Thursday, 14 May 2015

ThreeCAF: Three books from TCAF 2015, Part 1

This is the first of a new feature I'll run in several parts: short reviews of some comics of note at TCAF 2015.

Lydian, Sam Alden, Space Face Books, 2015

A fantastic new comic by Sam Alden. I had seen some bits and pieces online on his tumblr page in the past, but never saw the whole thing. It is now published with a wonderfully bright cover design. The back cover is also particularly nice. Lydian tells the fantasy adventure story of a young man who fights Clyde (an evil sentient resort - yes really, a resort) and his minions alongside the team he created. It's done in a sort of old school video game 8-bit color style. Although at first glance you may think this comic is purely a stylistic exercise, but it is a surprising look at the psyche of a teenager with confidence and personal issues, who`s trapped in a weird and dangerous world.

This book, particularly in printed form, adds a second layer of meaning that I didn't anticipate going in. The 8-bit color era is for the most part gone, which makes a nice parallel with the paper format of books. I can imagine that some people much younger than me will be reading this on their tablet and not once wonder about the reason for a book made out of paper in the first place, or why this computer art looks so pixelated now that we have access to such sleak computerized images. The existence of both of these forms of art being relegated to the past makes this feel like an artifact and a fresh new take on comics at the same time.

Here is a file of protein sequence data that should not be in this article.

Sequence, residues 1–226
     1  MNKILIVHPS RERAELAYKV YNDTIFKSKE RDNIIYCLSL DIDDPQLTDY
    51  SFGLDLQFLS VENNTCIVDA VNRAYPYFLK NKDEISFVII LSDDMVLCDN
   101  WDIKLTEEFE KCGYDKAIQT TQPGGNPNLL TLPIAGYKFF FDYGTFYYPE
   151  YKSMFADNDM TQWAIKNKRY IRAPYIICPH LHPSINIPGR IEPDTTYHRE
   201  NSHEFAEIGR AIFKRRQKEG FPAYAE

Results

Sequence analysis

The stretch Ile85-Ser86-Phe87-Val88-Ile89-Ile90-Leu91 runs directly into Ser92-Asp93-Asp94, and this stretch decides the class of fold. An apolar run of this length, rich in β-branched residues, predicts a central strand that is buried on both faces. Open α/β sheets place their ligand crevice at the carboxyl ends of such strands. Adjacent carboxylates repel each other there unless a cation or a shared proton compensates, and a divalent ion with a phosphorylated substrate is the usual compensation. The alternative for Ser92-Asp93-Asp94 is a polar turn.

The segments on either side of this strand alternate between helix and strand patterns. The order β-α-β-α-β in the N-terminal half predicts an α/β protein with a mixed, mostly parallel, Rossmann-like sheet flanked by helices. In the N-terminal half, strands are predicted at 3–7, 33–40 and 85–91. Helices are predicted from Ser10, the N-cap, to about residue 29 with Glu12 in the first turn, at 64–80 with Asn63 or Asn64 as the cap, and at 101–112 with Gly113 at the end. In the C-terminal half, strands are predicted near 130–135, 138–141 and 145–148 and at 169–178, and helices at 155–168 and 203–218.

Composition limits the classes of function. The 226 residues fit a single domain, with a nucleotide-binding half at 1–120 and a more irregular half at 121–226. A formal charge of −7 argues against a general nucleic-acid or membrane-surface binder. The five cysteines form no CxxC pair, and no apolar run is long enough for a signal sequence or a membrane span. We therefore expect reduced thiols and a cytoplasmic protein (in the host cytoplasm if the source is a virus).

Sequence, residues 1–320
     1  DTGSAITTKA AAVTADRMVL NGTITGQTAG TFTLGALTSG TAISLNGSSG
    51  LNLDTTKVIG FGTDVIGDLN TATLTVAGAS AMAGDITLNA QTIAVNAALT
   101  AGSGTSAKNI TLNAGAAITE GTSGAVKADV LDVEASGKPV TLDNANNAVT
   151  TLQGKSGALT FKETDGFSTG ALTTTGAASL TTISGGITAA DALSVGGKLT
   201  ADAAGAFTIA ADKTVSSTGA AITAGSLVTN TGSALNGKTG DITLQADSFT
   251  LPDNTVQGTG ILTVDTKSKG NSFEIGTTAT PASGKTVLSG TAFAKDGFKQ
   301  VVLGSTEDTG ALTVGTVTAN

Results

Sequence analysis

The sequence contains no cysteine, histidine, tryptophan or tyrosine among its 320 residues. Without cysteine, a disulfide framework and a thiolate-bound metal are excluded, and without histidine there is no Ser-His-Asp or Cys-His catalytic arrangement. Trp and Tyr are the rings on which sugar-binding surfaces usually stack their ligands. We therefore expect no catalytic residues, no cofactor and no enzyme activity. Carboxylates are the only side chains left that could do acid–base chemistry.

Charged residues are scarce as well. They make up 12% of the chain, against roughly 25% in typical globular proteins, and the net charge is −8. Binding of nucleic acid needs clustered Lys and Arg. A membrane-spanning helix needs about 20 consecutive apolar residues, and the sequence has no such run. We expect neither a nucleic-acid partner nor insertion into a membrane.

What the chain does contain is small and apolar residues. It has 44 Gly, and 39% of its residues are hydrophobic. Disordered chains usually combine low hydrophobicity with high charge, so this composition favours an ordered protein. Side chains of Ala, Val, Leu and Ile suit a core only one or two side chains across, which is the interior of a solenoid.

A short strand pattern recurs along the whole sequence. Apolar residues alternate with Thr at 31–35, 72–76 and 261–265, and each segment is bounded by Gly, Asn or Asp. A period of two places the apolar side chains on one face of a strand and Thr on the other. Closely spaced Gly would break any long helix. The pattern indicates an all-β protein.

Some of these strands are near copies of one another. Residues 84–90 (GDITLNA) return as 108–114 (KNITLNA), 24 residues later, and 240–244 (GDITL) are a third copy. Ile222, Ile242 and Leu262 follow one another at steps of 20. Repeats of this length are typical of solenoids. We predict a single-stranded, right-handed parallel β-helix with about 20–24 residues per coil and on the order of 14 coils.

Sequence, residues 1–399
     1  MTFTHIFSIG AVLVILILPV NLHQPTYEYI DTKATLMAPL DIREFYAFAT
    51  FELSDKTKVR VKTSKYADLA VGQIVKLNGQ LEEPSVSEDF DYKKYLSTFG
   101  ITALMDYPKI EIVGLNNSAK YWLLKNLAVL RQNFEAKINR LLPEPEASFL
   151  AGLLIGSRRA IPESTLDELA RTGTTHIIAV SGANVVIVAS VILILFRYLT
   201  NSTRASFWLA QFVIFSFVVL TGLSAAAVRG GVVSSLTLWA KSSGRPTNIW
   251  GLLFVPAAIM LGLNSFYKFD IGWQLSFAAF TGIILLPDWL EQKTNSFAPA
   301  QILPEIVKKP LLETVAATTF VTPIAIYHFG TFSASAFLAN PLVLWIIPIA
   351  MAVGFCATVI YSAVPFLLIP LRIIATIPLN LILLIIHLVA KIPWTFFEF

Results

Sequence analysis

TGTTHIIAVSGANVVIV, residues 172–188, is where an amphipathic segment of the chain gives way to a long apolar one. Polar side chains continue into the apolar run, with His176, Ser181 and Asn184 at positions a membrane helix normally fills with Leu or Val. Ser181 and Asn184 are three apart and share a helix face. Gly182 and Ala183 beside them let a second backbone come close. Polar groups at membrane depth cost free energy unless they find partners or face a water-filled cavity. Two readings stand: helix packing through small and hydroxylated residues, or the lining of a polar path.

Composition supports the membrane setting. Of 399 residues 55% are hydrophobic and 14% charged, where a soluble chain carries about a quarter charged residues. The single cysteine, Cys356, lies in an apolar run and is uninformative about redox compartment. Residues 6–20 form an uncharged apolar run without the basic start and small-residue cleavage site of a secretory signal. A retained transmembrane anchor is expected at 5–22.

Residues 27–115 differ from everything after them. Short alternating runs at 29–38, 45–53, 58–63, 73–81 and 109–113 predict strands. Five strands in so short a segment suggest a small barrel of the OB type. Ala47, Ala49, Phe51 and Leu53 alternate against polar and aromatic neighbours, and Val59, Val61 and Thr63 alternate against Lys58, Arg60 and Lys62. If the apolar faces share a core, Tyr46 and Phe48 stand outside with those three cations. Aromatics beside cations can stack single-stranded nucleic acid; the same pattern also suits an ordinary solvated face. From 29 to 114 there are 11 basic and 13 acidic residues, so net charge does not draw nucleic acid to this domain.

There's no bath in this bathroom, Joe Decie, 2015

A free giveaway from Joe Decie at TCAF that I would have gladly paid for. In There's no bath in this bathroom, Joe Decie tells us about his visit to Toronto when he attended TCAF 2014. Decie describes his experience and moves effortlessly from the mundanity of travel to the small surreal moments that happen to all of us when we are in unfamiliar territories. Whether it be the Francophone girls at the train station, the bathroom in the pizzeria with the lights turned off, or even the cook eerily walking outside, those small events provide a good look at how one person internalizes the experiences of travelling.

Sorry i can't come in on monday i'm really really sick, Jane Mai, Koyama Press, 2014

Koyama Press published this mini-comic from Jane Mai. It's a collection of random thoughts from a depressed woman sitting at home in her underwear. It packs a surprising punch for such a small comic. The thoughts we read range from dark humor to deep revelation about humanity and oneself. The image of a centipede running throughout reminds the reader of the difficulty in truly pinpointing depression. Sometime we are able to see it clearly, most other times it is hidden, but it is around us, lurking in the shadows of bad days and small losses that the people around experience. In spite of the bright pink cover and it's size, this comic will make you think and perhaps even reflect on your own mental state.

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